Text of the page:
Poke’s origins have been traced back to the pre-contact times when the ancient Hawaiians ate freshly caught fish sweetened with sea salt, seaweed, crushed inamona, or kukui nuts. It has become more popular these days in the city, but many don’t know enough about it. That will change after reading this short piece on the evolution of Poke.
Poke has had a rather non-convoluted evolution as its taste has mirrored new additions. Rather than sea salts, manufactured salts started being used, immigrants from Asia brought soy sauce, sesame oil, and many more.
Each group added its dishes to the Hawaiian meal, and since then, poke options have multiplied. It is guaranteed that if you visit any poke shop today, you will find many choices, including seaweed poke, spicy ahi poke, kimchi shrimp, and even octopus. Below is a list of poke in its various forms.
This dish contains a hearty serving of rice which essentially transforms poke from a snack into a meal, however it is prepared differently in the mainland and the islands. For the Mainland version, the poke is marinated in dressings for about 15 minutes to allow the fresh seafood to take in the flavors. Ingredients you will never find in a poker bowl include quinoa, chicken, corn, kale, mango, and many others.
This is regarded as poke’s most popular fusion. Poke nachos are made with fresh poke served on crispy nachos and bathed with a delicious sauce. You can find a version of this dish garnished with avocado and nori at Nico’s chips at Uncle’s Fishmarket & Grill, but the most behemoth can be found at Poke On Da Run in Oahu’s pearl city district. As a meal, it can feed two people, and as a pupu, it can feed four.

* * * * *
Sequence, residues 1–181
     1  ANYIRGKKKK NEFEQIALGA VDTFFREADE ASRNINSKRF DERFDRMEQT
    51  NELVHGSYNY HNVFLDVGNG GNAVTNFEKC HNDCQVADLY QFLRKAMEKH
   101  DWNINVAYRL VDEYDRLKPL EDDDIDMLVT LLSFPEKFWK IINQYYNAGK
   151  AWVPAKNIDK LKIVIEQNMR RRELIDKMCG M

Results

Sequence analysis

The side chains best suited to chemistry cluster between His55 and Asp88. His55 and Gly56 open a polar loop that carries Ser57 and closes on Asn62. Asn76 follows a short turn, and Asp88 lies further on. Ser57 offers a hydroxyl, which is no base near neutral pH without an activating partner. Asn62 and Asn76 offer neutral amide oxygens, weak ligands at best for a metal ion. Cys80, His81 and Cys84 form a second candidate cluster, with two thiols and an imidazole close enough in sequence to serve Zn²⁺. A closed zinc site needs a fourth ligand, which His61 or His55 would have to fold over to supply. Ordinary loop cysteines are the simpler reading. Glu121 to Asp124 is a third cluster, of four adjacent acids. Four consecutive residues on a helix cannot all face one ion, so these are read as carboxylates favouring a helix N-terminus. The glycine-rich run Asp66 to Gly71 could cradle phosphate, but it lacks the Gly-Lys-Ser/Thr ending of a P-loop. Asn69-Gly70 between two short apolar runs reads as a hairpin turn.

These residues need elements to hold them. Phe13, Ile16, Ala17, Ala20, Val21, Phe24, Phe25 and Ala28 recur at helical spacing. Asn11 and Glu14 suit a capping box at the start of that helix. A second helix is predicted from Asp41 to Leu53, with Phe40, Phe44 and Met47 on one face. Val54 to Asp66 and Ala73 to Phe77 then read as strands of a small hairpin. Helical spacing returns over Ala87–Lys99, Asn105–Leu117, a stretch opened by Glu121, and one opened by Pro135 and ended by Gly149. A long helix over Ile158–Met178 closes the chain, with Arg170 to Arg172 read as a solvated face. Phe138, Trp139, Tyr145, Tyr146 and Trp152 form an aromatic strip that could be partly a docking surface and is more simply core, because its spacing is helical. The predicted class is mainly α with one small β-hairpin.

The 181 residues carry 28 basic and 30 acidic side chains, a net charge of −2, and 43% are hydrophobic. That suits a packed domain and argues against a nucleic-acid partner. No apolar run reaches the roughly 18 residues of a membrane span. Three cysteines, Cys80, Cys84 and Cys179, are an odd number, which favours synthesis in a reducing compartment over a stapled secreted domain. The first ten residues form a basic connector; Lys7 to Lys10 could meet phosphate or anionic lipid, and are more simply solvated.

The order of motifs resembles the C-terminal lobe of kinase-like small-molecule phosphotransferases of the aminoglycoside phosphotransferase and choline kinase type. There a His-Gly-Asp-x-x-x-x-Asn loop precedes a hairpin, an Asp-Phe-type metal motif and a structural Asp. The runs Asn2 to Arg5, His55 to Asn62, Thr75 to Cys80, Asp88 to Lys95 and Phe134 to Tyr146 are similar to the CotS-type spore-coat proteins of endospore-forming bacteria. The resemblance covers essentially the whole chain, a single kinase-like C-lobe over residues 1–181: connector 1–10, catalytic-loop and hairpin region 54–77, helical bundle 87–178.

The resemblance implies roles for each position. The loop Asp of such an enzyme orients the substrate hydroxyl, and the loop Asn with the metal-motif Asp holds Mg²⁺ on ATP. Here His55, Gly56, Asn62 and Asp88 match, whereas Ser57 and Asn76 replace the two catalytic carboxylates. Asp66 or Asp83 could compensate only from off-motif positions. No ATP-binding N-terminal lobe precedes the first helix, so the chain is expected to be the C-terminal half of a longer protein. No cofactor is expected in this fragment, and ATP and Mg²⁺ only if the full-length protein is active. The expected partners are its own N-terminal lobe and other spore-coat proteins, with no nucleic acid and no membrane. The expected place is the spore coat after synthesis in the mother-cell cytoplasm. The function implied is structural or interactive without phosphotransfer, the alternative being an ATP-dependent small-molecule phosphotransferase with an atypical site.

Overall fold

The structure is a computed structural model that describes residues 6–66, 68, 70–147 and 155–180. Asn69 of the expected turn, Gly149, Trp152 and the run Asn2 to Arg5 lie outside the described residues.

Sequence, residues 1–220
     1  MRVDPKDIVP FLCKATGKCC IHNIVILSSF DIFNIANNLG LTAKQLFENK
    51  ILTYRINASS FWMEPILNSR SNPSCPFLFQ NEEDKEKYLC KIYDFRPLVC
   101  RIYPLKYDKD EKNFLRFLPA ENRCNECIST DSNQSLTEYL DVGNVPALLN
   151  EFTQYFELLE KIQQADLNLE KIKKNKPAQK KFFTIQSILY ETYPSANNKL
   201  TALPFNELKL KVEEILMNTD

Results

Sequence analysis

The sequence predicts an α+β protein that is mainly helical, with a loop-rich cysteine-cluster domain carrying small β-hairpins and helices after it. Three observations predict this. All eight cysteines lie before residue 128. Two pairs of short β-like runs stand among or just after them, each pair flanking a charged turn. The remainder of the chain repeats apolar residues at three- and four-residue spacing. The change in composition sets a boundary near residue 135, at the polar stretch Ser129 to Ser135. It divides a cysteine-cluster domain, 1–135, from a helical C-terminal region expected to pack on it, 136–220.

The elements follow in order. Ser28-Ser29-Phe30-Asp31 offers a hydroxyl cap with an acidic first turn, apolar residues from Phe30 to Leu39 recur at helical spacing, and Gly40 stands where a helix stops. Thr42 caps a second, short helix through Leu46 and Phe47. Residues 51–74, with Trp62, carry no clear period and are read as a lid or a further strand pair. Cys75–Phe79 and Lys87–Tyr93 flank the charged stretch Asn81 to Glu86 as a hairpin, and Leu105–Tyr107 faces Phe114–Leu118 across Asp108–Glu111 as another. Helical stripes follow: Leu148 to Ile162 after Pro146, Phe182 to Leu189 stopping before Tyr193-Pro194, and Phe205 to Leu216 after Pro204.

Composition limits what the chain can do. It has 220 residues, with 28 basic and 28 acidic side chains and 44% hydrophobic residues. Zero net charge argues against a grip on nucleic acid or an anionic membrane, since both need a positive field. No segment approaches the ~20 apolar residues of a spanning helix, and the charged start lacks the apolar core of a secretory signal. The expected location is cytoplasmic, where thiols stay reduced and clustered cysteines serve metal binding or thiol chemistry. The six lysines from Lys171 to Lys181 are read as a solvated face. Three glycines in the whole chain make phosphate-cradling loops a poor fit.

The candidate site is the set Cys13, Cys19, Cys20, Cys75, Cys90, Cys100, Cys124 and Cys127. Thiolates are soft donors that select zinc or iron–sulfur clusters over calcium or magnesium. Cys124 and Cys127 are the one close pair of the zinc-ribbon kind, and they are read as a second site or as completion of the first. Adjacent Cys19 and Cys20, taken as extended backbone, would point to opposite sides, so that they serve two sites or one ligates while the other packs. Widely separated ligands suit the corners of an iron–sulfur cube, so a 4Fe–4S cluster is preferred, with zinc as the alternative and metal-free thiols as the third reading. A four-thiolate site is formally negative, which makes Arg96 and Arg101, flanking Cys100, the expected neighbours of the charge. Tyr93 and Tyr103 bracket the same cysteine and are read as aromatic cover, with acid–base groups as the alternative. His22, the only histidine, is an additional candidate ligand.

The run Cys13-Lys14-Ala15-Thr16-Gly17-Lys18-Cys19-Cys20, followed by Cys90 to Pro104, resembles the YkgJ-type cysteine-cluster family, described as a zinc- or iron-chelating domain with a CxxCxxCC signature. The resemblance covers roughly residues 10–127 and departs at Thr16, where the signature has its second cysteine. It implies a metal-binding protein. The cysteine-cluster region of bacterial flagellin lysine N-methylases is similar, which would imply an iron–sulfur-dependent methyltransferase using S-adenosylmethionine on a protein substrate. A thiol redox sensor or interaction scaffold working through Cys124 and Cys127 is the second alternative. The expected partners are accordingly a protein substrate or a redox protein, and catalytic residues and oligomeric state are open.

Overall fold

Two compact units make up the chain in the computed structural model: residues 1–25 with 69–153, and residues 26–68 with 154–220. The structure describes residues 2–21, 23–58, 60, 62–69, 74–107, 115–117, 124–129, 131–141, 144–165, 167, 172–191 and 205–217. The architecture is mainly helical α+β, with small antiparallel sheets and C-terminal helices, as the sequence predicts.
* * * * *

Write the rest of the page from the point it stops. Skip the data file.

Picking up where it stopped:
This is an iconic dish you can find at Hoku’s restaurants in Kahala. It is made by combining two great island foods – poke and rice balls – then deep frying them. The ahi poke is stuffed in a ball of sushi rice lightly seasoned and covered in salty, briny furikake before it is finally fried.
This dish is served at Moku Kitchen and Monkeypod Kitchen. Here, cubes of translucent ruby ahi are tucked inside crunchy wonton shells. The tacos are well garnished to increase the freshness and also round out texture and flavor. This meal is one of the rare versions of poke you can eat with your hands.
It is a specialty of East Oahu’s Otsuji farm, and the dish is an original fusion of fresh ahi poke sweetened with furikake and mayo on top of a bun of tempura-fried kale. The dish has a good blend of crispy-soft textures, and the warm and cold temperatures make it a nice meal.
To make this dish, spicy ahi poke is tucked into pockets of sweet, small inari made from thin sheets of deep-fried tofu. The dish can be found at Tamioka Seafoods of Waipahu and is a great one that will leave you wanting more.